In an incident the Macomb County Sheriff's department is investigating as a potential anti-LGBTQ+ hate crime, Mike Hall of Harrison Township was severely beaten on Tuesday, June 15, as he and his fiancé, Anthony Hamilton, were riding scooters on the way home from Hall's work.
Hamilton said he'd had a "funny feeling" earlier that day. He decided to ride home with Hall on their commuter scooters when Hall left from his shift at Kroger at 16 Mile Road and Crocker. Around 10 p.m., Hamilton told Hall he wanted to ride along the sidewalk to be safe rather than cut across the parking lot in the dark. As they paused at the entrance to the Mariner's Pointe shopping center, where cars can enter either Kroger or McDonald's, Hamilton said a white sedan "reluctantly" stopped to let them cross.
"He let us pass to the other side of the road, but there was a moment where he paused after we passed and he started calling 'fags,' 'faggots,' you know… any name out of that book," Hamilton said.
Though some reports have speculated the incident may have been more of a road rage incident, Hamilton suspects this was something more. He said the driver may be familiar with the area and had seen them before.
Having crossed the driveway, Hamilton and Hall continued on the sidewalk. The assailant followed along with them, shouting slurs.
"There was a point where Mike parked his scooter, stopped and looked at [the driver] and said, 'Please, leave us alone, leave us alone, man,'" Hamilton said. "'You know, 'Why are you doing this? You know, shut up, just drive on.'"
Hamilton stopped his scooter behind Hall. The driver of the white sedan parked his car. It was at this point that the passenger issued a warning.
"The passenger was screaming saying, 'That guy's dangerous, watch yourself, don't do this, run, get out of here,'" Hamilton said.
Heeding his warning, Hamilton and Hall attempted to flee, but because scooters are slow to accelerate, the assailant was able to grab Hall and punch him in the face. Hamilton said Hall fell straight forward and slammed into the blacktop.
"At this point, Mike is unconscious," Hamilton said. "The guy literally stands over him threatening to kill him: 'I'm going to kill you, you fucking asshole.'"
Afraid for both of them, Hamilton began shouting for the assailant to leave them alone, but that only seemed to enrage him more as he began to assault Hamilton. Again, the passenger in the sedan warned him that the driver was "unstable."
Hamilton said he was screaming for someone to dial 911, but he didn't see any activity in the dark parking lot. Eventually, two individuals stopped their cars and called for help. Soon the police and ambulance arrived.
The assailant commanded the passenger to get into the driver's seat so they could leave quickly.
"'Fuck this shit, you know, like I didn't sign up for this,'" Hamilton said the passenger, now in the driver's seat, told the assailant.
The two fled the scene and Hamilton was able to remember the first three letters of the car's license plate. He believes one of the witnesses who stopped, whom he described as a teenager in a truck, was able to provide the police with a more complete description of the car.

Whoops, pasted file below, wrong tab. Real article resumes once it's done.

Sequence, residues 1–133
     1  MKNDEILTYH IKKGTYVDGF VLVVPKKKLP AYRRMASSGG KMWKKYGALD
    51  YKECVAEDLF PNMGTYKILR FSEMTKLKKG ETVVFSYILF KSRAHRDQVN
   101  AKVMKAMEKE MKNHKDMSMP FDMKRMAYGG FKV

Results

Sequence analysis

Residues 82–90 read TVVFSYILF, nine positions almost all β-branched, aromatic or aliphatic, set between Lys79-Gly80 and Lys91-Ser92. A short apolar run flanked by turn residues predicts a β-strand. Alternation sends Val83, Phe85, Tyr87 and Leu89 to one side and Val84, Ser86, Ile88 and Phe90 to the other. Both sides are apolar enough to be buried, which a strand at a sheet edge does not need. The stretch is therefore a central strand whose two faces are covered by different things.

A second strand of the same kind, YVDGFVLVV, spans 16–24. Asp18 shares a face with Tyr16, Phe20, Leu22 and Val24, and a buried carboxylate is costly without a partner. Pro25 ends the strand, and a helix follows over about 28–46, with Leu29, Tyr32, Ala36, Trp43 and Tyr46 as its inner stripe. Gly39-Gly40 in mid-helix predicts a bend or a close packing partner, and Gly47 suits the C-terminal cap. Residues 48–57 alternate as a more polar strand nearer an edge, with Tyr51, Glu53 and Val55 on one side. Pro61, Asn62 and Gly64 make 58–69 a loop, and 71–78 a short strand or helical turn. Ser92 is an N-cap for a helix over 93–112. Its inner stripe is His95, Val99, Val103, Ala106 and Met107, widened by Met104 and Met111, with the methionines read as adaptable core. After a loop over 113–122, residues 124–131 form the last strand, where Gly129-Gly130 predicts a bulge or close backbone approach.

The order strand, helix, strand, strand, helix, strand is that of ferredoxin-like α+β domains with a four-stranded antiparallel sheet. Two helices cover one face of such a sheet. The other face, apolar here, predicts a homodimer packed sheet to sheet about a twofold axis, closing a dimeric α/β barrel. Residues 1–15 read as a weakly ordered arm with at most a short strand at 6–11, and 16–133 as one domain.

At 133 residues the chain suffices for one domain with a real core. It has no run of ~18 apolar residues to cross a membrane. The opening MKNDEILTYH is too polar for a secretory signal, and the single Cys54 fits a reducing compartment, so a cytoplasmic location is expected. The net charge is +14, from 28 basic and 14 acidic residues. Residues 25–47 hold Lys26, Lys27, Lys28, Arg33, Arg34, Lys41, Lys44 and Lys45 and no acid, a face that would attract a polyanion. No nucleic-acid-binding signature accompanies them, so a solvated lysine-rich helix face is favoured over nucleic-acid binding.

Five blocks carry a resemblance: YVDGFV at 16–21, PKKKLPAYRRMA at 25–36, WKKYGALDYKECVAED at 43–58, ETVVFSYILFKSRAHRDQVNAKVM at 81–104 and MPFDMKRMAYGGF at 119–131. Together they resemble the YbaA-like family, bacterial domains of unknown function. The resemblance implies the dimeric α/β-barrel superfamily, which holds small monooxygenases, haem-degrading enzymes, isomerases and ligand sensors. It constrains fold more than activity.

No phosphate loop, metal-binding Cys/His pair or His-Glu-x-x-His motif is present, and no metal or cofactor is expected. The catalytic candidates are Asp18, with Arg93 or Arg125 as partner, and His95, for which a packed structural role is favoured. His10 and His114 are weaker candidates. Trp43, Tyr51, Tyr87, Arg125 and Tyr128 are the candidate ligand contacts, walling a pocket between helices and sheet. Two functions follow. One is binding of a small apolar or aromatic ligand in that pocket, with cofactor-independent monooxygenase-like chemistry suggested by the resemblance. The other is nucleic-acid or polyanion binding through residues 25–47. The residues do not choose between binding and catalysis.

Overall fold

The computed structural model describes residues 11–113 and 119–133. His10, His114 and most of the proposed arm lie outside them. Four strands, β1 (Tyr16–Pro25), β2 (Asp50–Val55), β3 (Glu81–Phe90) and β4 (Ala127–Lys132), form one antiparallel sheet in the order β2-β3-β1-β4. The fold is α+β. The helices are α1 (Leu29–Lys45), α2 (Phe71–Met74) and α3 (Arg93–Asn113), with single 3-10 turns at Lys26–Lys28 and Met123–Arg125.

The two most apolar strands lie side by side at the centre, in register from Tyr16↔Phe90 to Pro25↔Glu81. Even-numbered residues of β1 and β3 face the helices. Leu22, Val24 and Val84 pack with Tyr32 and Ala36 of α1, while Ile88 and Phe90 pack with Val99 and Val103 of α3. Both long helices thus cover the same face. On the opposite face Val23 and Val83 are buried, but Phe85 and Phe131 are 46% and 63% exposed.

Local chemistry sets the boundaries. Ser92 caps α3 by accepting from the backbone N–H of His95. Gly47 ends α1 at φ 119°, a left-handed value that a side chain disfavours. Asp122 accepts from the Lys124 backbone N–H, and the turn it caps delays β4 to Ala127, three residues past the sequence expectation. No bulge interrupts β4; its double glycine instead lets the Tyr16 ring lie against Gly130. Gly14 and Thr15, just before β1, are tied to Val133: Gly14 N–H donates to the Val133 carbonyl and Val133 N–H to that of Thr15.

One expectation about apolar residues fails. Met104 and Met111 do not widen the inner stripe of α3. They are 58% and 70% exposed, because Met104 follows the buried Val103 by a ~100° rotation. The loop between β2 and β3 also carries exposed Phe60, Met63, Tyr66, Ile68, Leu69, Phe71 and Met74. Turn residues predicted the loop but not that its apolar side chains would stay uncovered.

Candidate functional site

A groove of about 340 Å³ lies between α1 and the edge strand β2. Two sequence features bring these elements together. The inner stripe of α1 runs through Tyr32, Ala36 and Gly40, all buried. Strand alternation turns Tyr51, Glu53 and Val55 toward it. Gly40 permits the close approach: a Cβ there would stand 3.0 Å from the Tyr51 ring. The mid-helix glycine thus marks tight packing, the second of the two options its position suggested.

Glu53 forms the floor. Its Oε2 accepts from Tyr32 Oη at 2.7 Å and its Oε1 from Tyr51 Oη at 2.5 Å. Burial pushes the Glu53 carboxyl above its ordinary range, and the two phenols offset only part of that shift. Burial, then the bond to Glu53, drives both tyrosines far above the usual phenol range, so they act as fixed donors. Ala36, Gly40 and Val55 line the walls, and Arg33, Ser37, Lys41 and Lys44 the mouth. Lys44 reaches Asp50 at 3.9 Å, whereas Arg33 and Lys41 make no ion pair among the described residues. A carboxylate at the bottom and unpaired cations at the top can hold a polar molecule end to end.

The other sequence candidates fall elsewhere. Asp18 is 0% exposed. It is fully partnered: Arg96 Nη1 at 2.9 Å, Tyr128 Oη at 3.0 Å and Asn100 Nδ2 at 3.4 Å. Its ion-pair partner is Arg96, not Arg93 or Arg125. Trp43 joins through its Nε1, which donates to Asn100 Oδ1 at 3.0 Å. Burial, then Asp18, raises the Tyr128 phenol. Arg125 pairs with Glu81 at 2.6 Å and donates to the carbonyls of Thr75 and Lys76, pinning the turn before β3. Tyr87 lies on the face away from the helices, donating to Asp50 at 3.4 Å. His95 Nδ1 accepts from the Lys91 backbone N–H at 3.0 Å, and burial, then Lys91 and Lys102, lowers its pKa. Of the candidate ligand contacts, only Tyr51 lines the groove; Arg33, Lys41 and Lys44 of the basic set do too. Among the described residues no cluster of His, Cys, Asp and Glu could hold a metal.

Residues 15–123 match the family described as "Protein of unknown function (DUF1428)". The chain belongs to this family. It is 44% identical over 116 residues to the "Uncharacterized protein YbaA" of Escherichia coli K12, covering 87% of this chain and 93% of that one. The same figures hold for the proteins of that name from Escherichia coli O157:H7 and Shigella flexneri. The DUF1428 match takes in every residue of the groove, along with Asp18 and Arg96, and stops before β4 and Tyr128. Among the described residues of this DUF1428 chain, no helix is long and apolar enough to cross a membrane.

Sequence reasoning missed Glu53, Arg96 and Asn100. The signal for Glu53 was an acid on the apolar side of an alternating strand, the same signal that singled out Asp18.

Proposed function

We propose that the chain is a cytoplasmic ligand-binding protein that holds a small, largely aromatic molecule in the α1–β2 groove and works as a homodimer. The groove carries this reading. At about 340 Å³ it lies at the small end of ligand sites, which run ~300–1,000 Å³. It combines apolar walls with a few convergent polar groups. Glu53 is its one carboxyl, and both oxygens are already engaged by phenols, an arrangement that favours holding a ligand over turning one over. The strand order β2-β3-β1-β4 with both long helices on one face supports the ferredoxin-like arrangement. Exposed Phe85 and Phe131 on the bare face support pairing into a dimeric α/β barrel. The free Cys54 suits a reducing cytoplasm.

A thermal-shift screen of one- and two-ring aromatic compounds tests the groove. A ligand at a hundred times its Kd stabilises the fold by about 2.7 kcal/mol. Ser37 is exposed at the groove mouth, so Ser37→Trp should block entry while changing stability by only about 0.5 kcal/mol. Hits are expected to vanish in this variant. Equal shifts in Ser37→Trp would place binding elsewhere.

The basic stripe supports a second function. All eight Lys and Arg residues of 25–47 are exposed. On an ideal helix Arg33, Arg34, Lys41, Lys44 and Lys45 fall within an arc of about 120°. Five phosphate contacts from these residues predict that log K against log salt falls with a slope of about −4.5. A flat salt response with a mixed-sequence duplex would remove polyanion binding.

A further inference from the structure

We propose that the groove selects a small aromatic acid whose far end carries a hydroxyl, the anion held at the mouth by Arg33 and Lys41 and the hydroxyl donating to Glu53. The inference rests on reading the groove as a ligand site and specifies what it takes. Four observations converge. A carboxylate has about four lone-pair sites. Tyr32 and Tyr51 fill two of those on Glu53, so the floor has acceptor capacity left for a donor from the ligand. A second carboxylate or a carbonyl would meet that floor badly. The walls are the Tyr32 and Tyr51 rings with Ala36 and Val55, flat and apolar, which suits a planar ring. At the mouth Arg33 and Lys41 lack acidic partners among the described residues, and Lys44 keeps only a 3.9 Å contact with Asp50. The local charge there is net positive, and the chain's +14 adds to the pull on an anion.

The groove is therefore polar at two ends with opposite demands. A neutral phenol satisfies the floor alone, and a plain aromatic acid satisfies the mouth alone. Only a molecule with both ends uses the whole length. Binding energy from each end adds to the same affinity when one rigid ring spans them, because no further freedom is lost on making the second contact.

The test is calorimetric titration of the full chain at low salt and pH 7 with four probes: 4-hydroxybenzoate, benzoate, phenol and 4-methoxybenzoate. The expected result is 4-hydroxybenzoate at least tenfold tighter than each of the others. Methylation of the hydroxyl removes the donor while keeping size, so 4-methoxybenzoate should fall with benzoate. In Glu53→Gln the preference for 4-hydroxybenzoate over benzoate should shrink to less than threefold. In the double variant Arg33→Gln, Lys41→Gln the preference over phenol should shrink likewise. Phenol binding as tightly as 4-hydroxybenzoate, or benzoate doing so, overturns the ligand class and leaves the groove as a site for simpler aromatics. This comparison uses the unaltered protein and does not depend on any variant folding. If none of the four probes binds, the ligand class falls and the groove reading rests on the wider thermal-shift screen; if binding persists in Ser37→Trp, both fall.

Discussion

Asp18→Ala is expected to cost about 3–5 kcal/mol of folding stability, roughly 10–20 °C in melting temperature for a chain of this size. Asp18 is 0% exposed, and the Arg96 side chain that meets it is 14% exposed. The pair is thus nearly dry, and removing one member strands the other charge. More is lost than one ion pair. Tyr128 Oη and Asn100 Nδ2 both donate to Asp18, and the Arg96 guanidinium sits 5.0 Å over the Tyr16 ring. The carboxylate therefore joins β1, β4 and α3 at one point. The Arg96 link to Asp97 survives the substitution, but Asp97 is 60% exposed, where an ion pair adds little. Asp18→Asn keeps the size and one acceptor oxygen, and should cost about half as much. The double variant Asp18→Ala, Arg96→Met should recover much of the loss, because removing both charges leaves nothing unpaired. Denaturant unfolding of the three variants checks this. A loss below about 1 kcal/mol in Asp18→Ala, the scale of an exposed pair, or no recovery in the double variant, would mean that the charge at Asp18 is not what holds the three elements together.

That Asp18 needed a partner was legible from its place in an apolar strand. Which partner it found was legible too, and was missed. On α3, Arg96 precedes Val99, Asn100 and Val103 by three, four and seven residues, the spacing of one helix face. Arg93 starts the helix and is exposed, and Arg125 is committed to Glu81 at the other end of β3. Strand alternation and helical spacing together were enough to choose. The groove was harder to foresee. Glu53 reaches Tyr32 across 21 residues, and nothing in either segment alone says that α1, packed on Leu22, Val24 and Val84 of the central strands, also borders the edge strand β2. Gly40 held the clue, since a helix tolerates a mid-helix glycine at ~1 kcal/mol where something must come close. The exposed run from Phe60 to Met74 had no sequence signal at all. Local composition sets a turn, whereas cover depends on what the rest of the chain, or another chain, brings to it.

Only then did Hamilton begin to see the extent of Hall's injuries.
"I'm rushing back to Mike, because he's sitting up and he's throwing up all over the place," Hamilton said. "His whole side of his face is swollen and he's bleeding out of his ear. He's bleeding out of his nose. He doesn't know why he's there. He was dazed and confused. Five police officers were there. Firetruck, ambulance. I mean it was a complete nightmare."
The police attempted to get footage from area cameras, but the ones at McDonald's weren't working. And the cameras at the stoplight at 16 Mile Road weren't clear enough to make out a license plate, Hamilton said.
Hamilton was able to provide a description of the assailant. He said the attacker was in his mid-thirties and wearing a white ball cap, a blue v-neck shirt, white shorts and sandals. He was white and approximately 5 feet 11 inches.
Once at McLaren Macomb Hospital, Hamilton and Hall's mother discovered the hospital is currently restricting visitors to one per patient due to COVID precautions. They made the difficult decision for that individual to be Hall's mother. The hospital subsequently lifted the one visitor policy due to the seriousness of Hall's injuries. Hamilton was told to return to the hospital immediately.
In the trauma room with Hall, Hamilton didn't know if Hall knew who he was because he seemed "dazed and confused," and his speech was slurred.
The doctors described the extent of Hall's condition. He had a brain bleed "the size of an orange," a nose fracture, a skull fracture above his eye socket and a fracture below his eye socket. He was having seizures.
Hall was then transferred to the ICU where he stayed for two days. After an additional day in the step-down unit, he was able to go home.
"He still struggles obviously, with his memory," Hamilton said. "He can't be outside — you can't be around any bright lights. He still throws up pretty much all the time. I haven't gotten any rest, really.
"He asks the same questions," he continued. "We have to go over the same thing over and over each day. You know, I end up crying. I end up falling on the floor in tears. You know, I fully lost faith in humanity after the situation."
As of this afternoon, the two were headed back to the hospital.
This is a developing story.
Two days after the assault, Hamilton and Hall had planned to attend Hall's family reunion in North Carolina. Hamilton said it could be the last because of the advanced age of some of Hall's relatives. A friend set up a Gofundme page for Hall's medical expenses plus enough funds for the couple to join Hall's family when and where they are able.